Not long after we launch our canoe down the rushing river, we steer back to shore. Once the craft has carried us through some fast, deep water, we beach it, get out, and wade into the stream. Here at the bottom of a deep canyon, this St. Croix River tributary tumbles down 20 feet of elevation in less than two miles before spilling into the St. Croix.
This swift stretch is a holdout of the river redhorse (Moxostoma carinatum), an imperiled but overlooked fish that is emblematic of the struggle to protect species that have long been ignored.
The canoe lets us hop down the river, never going far between stops, from hole to hole where my companion, Tyler Winter, says the river redhorse like to lurk. We drift bait through deep runs, looking for the big flashes of feeding river redhorse. We’re not angling for a meal, but simply to see some special fish up close.
“A fishing pole is like binoculars,” Winter says. “It’s the only way to see some of these unique and rare species.”
Redhorse are one of several species typically categorized by anglers, lawmakers, and fishery managers as “rough fish.” The term has no scientific basis and is misleading at best. The fish are native, connected to clean water and healthy ecosystems, and have long been pursued and consumed by humans. But arbitrary decisions have made these fish second class species, usually managed with high harvest numbers and open seasons. Because some redhorse are also highly abundant, it’s easy to incorrectly assume they are overpopulated and unaffected by harvest.
Winter has been part of an effort the past few years that ultimately secured funding and action to better understand and protect Minnesota’s rough fish, from redhorse and bowfin to freshwater drum and white suckers.
In May, the state legislature passed what was dubbed the “No Junk Fish” bill, supported by the Department of Natural Resources, to help the DNR start thinking differently about fish like redhorse. A group Winter co-founded, Native Fish For Tomorrow, has played a big role in the rough fish revolution.
Shannon Fisher, Fisheries Populations Monitoring and Regulations Manager, says DNR staff started talking internally about management of rough fish a few years ago. Then came what he called a “huge outpouring of support” from the public, and the agency decided it was time to act. As the result of a petition from fishing and environmental groups last year, led by the Izaak Walton League, the agency has convened a stakeholder group with individuals representing conservation, angling, science, commercial fishing, and bowfishing to discuss issues concerning rough fish management.
“I would say one of the common themes that everybody seems to agree on is that we need more information. There’s just not enough data on these species now,” Fisher says. “From there, it splits out pretty quickly. You’ve got a handful of the members of this group who say we should be taking a precautionary approach because we don’t know what the impacts are that we’re having, we should put some more stringent protections in place. Then we’ve got the opposite side of that coin, which is, we don’t necessarily believe that we’re having an impact on these species. So why would we change anything from what we’re doing currently?”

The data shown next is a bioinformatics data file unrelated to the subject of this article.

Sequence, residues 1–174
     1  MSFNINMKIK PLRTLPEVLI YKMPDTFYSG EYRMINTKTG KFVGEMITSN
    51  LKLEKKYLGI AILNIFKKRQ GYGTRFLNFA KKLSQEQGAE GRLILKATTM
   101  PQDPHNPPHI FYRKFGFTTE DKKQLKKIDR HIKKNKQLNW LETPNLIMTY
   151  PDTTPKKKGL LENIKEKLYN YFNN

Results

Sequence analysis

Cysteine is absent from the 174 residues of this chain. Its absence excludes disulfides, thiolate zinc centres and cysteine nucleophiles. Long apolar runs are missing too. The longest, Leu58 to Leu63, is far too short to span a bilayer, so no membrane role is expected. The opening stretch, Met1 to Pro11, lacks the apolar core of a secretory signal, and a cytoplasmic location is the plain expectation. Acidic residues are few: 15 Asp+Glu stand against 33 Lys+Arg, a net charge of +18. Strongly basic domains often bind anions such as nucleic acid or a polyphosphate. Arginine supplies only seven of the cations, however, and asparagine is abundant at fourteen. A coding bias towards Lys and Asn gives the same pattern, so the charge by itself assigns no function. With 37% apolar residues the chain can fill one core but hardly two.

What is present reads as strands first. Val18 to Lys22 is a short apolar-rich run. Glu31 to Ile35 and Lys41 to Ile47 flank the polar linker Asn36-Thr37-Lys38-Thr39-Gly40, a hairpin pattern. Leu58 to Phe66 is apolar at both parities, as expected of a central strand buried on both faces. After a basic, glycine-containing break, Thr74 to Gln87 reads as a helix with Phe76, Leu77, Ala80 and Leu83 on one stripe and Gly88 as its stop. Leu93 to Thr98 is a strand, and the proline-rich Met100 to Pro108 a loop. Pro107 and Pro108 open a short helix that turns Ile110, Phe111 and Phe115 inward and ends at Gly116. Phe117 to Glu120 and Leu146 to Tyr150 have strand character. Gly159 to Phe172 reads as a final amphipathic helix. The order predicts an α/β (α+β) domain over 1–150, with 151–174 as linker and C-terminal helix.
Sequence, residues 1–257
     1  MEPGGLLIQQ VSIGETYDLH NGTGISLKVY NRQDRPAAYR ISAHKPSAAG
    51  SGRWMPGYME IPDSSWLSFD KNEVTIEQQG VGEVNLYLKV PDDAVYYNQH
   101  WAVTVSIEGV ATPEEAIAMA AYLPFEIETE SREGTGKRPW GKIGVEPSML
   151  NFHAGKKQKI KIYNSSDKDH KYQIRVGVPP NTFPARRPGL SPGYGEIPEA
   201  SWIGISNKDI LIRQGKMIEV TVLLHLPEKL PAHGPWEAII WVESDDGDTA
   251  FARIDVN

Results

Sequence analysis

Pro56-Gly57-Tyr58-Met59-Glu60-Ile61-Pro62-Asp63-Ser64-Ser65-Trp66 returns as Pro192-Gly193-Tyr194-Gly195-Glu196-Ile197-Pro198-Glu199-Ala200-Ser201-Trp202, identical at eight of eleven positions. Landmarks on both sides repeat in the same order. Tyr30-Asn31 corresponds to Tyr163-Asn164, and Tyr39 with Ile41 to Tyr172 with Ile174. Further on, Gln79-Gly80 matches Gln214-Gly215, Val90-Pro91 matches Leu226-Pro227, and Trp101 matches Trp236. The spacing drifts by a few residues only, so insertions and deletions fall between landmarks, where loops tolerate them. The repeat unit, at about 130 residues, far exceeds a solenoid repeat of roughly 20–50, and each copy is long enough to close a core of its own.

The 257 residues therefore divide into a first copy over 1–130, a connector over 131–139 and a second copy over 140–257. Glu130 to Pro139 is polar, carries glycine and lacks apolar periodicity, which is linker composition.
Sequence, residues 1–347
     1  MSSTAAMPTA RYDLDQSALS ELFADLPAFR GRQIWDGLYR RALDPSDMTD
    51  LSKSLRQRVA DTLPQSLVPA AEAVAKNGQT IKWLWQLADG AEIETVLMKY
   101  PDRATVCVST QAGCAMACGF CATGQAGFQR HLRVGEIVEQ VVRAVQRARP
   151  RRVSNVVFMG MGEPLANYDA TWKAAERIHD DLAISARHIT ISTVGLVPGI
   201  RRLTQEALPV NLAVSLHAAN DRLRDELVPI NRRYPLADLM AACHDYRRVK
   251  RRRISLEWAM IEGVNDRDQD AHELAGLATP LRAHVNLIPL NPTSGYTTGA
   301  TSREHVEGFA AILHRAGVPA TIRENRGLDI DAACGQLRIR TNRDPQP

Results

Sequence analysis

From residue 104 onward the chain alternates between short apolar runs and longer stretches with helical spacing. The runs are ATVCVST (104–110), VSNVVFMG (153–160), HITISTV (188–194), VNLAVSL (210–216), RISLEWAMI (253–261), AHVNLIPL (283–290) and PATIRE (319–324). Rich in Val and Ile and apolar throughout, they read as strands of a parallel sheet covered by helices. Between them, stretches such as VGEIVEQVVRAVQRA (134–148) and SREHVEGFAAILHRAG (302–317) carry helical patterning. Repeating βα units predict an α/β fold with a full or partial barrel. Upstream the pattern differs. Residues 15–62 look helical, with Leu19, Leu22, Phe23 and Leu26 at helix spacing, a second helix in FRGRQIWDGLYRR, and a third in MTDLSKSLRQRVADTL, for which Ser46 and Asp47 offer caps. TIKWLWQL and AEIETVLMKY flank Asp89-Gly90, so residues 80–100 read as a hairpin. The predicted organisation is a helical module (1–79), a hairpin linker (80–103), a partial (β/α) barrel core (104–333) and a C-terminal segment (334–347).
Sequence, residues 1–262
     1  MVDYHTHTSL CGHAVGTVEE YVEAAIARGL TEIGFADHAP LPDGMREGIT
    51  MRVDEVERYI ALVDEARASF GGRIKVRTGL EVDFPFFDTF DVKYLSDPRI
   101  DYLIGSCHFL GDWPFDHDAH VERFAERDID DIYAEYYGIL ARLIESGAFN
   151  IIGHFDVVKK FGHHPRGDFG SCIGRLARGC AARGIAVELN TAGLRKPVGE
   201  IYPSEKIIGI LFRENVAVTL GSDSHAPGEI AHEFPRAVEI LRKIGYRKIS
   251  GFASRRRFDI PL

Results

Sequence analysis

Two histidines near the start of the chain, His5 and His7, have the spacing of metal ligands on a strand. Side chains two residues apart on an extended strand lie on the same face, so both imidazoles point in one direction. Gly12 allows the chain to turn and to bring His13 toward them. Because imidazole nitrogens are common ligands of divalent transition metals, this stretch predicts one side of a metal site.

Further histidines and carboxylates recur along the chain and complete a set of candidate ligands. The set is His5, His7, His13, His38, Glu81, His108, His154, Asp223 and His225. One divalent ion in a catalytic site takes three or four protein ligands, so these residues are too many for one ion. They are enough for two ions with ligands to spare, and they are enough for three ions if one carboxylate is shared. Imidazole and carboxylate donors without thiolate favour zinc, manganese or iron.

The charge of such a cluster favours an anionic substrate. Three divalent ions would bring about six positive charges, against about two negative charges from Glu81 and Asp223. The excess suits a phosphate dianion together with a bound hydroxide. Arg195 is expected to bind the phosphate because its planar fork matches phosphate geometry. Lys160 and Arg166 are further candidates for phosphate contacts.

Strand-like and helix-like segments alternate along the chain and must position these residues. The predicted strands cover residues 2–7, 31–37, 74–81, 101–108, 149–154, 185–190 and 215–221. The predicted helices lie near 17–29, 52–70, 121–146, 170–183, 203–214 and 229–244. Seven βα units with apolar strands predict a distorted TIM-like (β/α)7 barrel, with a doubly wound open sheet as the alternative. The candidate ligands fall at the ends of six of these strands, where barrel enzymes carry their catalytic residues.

It’s the DNR’s job to find the balance, based on the best available information.
Winter catches a small shorthead redhorse, perhaps the most common redhorse species. He puts it back and we keep fishing. Then I catch a shorthead. Time disappears, the water rushing in my ears, pushing against my legs, my eyes always looking for that golden flash, hoping for a heavy tug on the line. The bluffs reach 160 feet over our heads, yet the two sides are only a few hundred feet apart, framing a narrow ribbon of sky that matches the slender stream below.
I’m drifting my bait through another run when it stops moving. I pull back on the rod and set the hook in something heavy, and call out to Winter, who starts running toward me with a net through knee-deep water.
Based on the bend in my rod, he guesses it’s a river redhorse, which can grow to more than 10 pounds, larger than any other redhorse. As I reel it in to the shallows, we get a look at a red and gold beauty nearly two feet in length.
Winter moves toward it with the net, which the fish doesn’t like, and it makes a new effort to escape. I pull on the rod, and suddenly my hook comes flying out of the water and past me. The fish spit it, slipping back to the safety of the deep water.
Never horse a redhorse, I think. I’m convinced that was my one and only shot, and I blew it. We get back in the canoe and head downstream.
River redhorse are a poster child for the problems and potential of rough fish management. It’s one of six species of redhorse suckers in the St. Croix system, most of which are abundant, a common sight to anglers and other river users. But river redhorse are different. They get big, they’re sensitive to changes in the environment, and they are only found in certain waters.
In Wisconsin, river redhorse are considered threatened — by too much sediment in water, pollution, and dams. Anglers can’t keep a single specimen. Meanwhile, on the other side of the St. Croix, in Minnesota, they are lumped in with all the other redhorse as “rough fish,” and anglers can catch and kill as many as they wish.
Part of the problem is that river redhorse can be difficult to identify, especially as juvenile fish. Fish survey crews may have long misidentified other species as river redhorse, giving the Minnesota DNR an overly optimistic estimate of their population size.